Not Dead Yet: Discussion of New START Saved for Last Possible Moment
As the lame duck session continues, one item has yet to be adressed: New START. We’ve talked about this treaty quite a bit, and it’s been lingering just off the Senate calendar for quite a while.
Even as numerous Republican Senators have stated concerns with or opposition to New START, President Obama and his allies have been claiming they have the votes to pass the treaty. It’s not just enough to have the votes, what needs to happen is a substantive consideration of New START’s impact on foreign relations and national security.
There is not enough time left in the lame duck to have that substantive consideration. New START needs to wait for the next Congress.
As the Washington Post noted, Republican Senators have substantive concerns on how New START affects the United States’ ability to develop and deploy missile defense systems. These concerns need to be addressed through analysis of the New START negotiating record, which the administration has not made available.
Douglas J. Feith, under secretary of defense from 2001 to 2005, argues substantively against New START in this Wall Street Journal Op-Ed:
Mr. Obama agreed to treaty language linking offensive reductions with missile defense, limiting launch vehicles, and restricting conversion of ICBMs for missile defense purposes. He accepted counting rules that would impede us in converting nuclear ICBMs, say, to conventional missiles. They would still count as nuclear weapons and could force us to give up other nuclear weapons. Mr. Obama also accepted ineffectual verification measures that establish a bad precedent.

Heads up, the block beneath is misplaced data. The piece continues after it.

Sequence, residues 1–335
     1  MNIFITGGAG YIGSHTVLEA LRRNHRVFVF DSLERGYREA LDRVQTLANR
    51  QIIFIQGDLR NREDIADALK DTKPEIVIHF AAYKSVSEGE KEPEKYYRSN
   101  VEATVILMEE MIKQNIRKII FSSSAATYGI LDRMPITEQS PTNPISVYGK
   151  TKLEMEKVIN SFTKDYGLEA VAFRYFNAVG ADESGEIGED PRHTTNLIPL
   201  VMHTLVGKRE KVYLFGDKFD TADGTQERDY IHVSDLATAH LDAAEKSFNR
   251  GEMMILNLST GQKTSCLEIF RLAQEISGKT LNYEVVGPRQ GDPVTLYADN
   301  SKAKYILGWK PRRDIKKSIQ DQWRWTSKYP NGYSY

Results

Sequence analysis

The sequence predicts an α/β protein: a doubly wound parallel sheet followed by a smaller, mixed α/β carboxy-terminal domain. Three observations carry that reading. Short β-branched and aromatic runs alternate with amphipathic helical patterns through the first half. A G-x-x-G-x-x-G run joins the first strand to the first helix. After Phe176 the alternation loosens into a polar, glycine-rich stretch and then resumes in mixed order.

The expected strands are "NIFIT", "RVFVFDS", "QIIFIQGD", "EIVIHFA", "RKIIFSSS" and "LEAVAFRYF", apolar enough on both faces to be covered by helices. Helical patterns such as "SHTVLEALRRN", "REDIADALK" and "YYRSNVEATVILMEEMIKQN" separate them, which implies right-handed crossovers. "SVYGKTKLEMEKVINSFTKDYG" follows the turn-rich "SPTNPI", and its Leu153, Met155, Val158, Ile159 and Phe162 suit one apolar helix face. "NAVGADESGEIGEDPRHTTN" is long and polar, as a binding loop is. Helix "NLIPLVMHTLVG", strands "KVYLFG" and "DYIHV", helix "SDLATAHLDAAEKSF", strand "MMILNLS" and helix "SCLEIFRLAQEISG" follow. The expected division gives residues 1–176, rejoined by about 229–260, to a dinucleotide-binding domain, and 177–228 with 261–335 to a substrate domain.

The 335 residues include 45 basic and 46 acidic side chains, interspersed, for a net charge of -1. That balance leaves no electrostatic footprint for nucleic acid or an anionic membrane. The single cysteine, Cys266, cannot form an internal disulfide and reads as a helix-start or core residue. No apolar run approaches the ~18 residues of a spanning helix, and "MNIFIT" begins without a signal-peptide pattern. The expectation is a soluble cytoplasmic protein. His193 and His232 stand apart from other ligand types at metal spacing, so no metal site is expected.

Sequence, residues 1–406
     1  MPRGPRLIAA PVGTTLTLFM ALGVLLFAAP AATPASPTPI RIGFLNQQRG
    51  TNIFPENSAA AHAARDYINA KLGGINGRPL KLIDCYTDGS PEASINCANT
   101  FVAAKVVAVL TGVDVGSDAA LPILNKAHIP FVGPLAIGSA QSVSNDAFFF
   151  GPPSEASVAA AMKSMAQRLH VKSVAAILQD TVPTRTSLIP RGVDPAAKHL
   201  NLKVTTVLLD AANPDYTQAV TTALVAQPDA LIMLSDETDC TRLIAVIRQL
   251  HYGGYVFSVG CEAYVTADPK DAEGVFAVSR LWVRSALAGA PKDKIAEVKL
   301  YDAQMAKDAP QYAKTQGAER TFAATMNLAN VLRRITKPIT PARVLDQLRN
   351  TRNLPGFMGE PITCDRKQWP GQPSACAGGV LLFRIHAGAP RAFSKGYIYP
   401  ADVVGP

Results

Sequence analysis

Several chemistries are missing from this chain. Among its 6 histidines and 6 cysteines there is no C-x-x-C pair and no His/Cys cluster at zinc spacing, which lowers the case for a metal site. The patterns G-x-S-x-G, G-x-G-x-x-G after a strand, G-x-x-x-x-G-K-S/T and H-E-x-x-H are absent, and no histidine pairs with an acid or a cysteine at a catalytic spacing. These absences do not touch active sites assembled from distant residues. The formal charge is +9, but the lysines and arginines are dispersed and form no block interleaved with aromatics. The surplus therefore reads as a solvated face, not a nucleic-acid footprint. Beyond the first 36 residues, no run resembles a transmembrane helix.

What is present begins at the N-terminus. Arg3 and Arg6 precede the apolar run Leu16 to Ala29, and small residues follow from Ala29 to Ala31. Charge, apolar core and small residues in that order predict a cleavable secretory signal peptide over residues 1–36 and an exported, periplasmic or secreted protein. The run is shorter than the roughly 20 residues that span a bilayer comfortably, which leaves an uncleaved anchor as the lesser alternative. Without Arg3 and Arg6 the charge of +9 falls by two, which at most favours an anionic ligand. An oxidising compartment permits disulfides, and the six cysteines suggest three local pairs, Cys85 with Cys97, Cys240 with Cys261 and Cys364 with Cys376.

The American arms-control priesthood was quick to praise New Start. But the U.S. Senate has the responsibility to evaluate Mr. Obama’s concessions. At a minimum, that requires reviewing the negotiating record—which has yet to be provided to the Senate.
This treaty treads on dangerous ground. The Obama administration and their allies in the Senate are seeking to rush it through at the last possible minute, without giving Senators the full negotiating record. A thorough airing of the negotiations and resultant policy are vital to the Senate’s role in the treaty process. It’s now too late for either, and Obama’s rush tramples the responsible process.